Mary Elizabeth (Lizzie) Ordway (1828-1897) was born in Derry, New Hampshire, daughter of Enoch and Mary Ordway. About 1842, Ordway moved to Lowell with her family and in 1850 began teaching in the Lowell School System. Ordway was one of the first group of eleven “Mercer Girls” recruited by Asa Mercer to teacher in Seattle, Washington in the mid-1860s.
From “Seattle, Washington, Mercer Girls”
“Ordway had a mind of her own and is one of the best remembered of the “Mercer Girls” for her vivid character. After arriving in Seattle from Lowell, Massachusetts, Ordway and some of the other girls found that "Seattle families were willing to provide them with lodging." Henry and Sarah Yesler were one of those families, and Ordway stayed at their home until she filled a teaching position at a school on Whidby Island.
Ordway was a "formidable force in public education in Washington Territory. She taught in Coupeville, Port Madison, Seattle, Port Gamble and Port Blakely." In 1870, she opened Central School, the first constructed by the Seattle District. At first she was the only teacher and was surprised on opening day at the sight of over one hundred eager children. Ordway explained that she "had to send the younger ones home to ripen a little," and convinced the school board to add a second teacher.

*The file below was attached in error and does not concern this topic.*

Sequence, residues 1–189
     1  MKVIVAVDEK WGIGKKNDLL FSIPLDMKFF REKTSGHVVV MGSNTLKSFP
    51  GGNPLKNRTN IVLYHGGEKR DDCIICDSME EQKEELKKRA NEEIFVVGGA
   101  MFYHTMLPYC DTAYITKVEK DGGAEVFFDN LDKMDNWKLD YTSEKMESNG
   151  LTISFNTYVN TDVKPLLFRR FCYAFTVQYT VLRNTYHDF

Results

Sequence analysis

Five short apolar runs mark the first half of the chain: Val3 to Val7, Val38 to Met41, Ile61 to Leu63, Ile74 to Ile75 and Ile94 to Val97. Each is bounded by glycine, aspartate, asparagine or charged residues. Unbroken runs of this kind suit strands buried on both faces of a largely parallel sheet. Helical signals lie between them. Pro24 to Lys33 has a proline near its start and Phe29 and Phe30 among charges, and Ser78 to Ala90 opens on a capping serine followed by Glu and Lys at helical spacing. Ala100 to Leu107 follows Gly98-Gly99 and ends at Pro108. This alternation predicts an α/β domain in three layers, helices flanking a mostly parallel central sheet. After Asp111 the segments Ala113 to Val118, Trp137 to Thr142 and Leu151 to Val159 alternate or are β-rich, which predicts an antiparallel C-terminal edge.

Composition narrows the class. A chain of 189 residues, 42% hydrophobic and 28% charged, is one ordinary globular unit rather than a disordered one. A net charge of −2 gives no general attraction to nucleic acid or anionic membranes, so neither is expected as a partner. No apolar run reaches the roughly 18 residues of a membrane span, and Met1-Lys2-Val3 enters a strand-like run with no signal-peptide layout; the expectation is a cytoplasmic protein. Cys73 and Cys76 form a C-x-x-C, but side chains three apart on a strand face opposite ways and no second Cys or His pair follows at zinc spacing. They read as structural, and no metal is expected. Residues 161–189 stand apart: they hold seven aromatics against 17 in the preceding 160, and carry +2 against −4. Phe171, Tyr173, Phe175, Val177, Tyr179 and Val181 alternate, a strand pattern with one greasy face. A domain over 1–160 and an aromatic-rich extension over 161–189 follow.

In 1871, Ordway joined forces with Susan B. Anthony during her western speaking tour in San Francisco. The two later formed a Female Suffrage Society and presented women's suffrage issues to the State House of Representatives in Olympia.
Ordway taught for a time in San Francisco at a young ladies' seminary. In 1874, she returned to the Northwest aboard the ship Wildwood after a brief return to her family in Lowell. In 1881, she became the superintendent of Kitsap County schools and was "a successful and strict disciplinarian." An article in the Seattle Post-Intelligencer's editorial column opposing Lizzie's election stated "It may be a good joke to put a woman in nomination, but I do not regard the office of school superintendent of so little importance as to vote for a woman at the polls." After serving her term as superintendent, Ordway went on to examine and certify teachers in her role as a member of the County Education Board. Mary Elizabeth Ordway died in September of 1897 and was buried at Lake View Cemetery in Seattle. Since then, a monument headstone has been placed on her grave and a school on Bainbridge Island has been named for Ordway.”